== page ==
This is the name of an initiative by Annika Florin in Örebro, a small town in Sweden. One day when she was out on her regular Saturday walk it struck her that there were so few seniors out there. When she later visited a friend down in the south part of Sweden she was told of a group that had coffee with the elderly and sometimes took them out for a walk. Annika got enthusiastic about the idea and felt that it was something she really wanted to do – something tangible rather than donating money to different organizations. Annika contacted the old people’s home “Skebäcksgården” where Camilla Brehmer Trumö, the Head of Unit took the bait directly. In an interview made by Maria Eremo for the magazin “Hemmets” she said; “I got very enthusiastic when I heard about Annika’s idea to let volunteers take residents out for a walk. We always try to find activities for the elderly and especially those that build bridges between the residents and our community”. The contact to Annika felt like the top prize”
During the first walk only three persons participated, but Annika was determined to continue. Over time more people joined and all of sudden it were almost too many. Together they decided that it should be a maximum of 12 residents for each walk. But when they met afterwards for coffee and cake everyone who wanted was invited to join.
It has become very appreciated among the residents. Arne Beijron will soon turn 95 years old and has been participated since the first walk. He says “The walk on Saturday has become a must”. When they meet for coffee afterwards he often reads his self-written poems. Another resident, Sven Lindstrand, states that the walks give him a break in everyday life.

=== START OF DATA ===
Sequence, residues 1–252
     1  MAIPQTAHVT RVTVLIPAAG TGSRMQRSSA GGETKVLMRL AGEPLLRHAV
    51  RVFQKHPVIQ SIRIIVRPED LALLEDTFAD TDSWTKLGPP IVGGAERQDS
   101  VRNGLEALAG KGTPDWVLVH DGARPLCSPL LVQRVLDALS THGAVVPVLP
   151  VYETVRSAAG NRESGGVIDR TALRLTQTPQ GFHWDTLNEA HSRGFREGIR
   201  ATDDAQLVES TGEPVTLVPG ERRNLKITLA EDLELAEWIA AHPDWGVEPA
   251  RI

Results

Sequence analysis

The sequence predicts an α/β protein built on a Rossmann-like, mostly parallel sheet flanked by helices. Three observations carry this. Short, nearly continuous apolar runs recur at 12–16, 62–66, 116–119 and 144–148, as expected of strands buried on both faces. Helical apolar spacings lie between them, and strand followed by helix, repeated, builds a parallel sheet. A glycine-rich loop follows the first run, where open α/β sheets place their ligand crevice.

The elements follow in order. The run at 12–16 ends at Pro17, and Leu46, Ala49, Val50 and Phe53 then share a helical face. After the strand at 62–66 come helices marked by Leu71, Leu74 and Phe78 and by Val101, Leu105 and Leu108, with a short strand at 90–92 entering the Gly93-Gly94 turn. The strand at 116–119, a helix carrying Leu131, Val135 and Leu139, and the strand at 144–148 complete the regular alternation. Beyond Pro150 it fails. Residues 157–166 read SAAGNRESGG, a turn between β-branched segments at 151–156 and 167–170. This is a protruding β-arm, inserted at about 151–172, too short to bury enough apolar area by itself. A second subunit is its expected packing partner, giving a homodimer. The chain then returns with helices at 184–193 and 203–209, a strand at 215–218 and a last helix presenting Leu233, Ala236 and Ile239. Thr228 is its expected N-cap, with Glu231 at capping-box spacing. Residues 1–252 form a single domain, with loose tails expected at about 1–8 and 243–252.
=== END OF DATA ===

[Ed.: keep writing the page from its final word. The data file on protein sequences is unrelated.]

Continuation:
But it is not just the residents who look forward to the Saturday walks – the volunteers too. Robert Trondby says,”This has given me a lot as a person, I have to go every Saturday. These meetings make me happy”. John Fennhagen says ”I always feel so darn good being here, I start my Saturdays the same way every week”.
Annika herself says, “I notice how I really can stop and let things go during these walks. I listen to stories from the past and enjoy the moment, something I am otherwise quite poor in”. The time you give to another is the finest you can give, it is so incredibly precious. One should be generous with it”. She is also really proud of what she has accomplished but stresses it would not have been possible without all the support and helps from volunteers and sponsors. They all ensure that the elderly get to enjoy the good life.
All the volunteers keep in touch via Facebook and those who want to participate can easily enroll, without any obligation to participate every time.
Already from the beginning simplicity was important. It should not feel like a big deal to take out residents for a walk and drink coffee afterwards and it seems to work as most who have been once comes back.
Annika continues “It would be fantastic if “Proud walkers” was all over the country. The recipe is simple and it does not require that much commitment, really, there is absolutely nothing difficult. It’s just that spark”.
This is again a story (see my blog post about Per here) that shows that it does not take a huge effort and organization to make a difference in people’s lives and give them new perspectives – a small deed with big impact. This is really a win win story, not only do the elderly get away from their sometimes boring every day life. The “younger” get a possibility to slow down and reflect over their own sometimes stressful lives and ideas can be exchanged face to face. If you know someone like Annika, please share it with me on twitter @Do_Deeds or leave a comment below.